Clarity in Business Writing

Good business writing requires clarity. Pressed for time, busy professionals simply do not want to sort through a document trying to figure out the writer’s intentions. Unfortunately, many business documents are not as clear as they could — or should — be. The causes of this shortcoming are numerous, ranging from careless organization to unnecessarily complex syntax, to confusing rather than clarifying language.

The goal of this book is to help professionals develop a direct, natural communication style that supports rather than obscures what they want to say. The first three chapters focus on writing issues relevant for a wide range of business documents, including letters, memos, e-mail, reports, proposals, marketing materials, and more. A fourth chapter discusses writing issues unique to e-mail, the dominant form of written communication for many professionals today. The fifth chapter covers editing tips and tricks businesspeople can use to ensure that their documents are clear and polished.

Regardless of the document type, good business writing demands several things of a writer:

  • an understanding of audience

You must be aware of and sensitive to your intended audience’s knowledge, needs, and motivations. For instance, if you are a lawyer writing for a lay audience, you should minimize legal jargon, define essential legal terms, and explain concepts so that a non-specialist can understand them. If you are writing a business plan for potential investors, you should show respect for your readers’ time and informational needs by being concise and specific.

When you write something, you are generally trying to communicate ideas to someone who is different from you in myriad ways. The foundation of clear writing is the ability to put yourself in the position of the reader.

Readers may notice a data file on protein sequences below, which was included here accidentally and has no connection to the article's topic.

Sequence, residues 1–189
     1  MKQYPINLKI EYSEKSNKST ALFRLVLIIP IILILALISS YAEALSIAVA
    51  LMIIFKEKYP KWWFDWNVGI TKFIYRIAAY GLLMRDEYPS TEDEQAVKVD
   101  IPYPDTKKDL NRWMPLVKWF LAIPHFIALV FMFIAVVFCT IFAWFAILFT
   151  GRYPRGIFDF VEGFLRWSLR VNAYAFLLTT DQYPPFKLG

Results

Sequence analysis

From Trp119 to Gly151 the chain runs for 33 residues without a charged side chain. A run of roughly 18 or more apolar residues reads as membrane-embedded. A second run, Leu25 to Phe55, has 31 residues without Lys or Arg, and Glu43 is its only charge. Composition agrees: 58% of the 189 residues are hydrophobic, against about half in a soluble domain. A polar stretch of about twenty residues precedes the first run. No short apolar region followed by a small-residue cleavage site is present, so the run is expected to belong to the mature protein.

• an understanding of subject matter

Good writing also depends on a solid grasp of the material; without it, a writer can’t communicate clearly with other people. In a business environment, though, people must sometimes write about topics that are unfamiliar to them. If you find yourself in this situation, you should make every effort to educate yourself about your subject. Often one of the most time-consuming steps in the writing process is research.

  • good writing skills

Some people seem to be naturally gifted writers. Do not, however, make the mistake of assuming that either people have the ability to write or they don’t. Many writing skills grow out of hard work and regular practice. Anyone can become a better writer.

  • careful rewriting

Most good writers are good at least in part because of the amount of effort they put into revising their work. They keep rewriting until they are satisfied with the results. Remember: the difference between good writing and bad writing is often rewriting.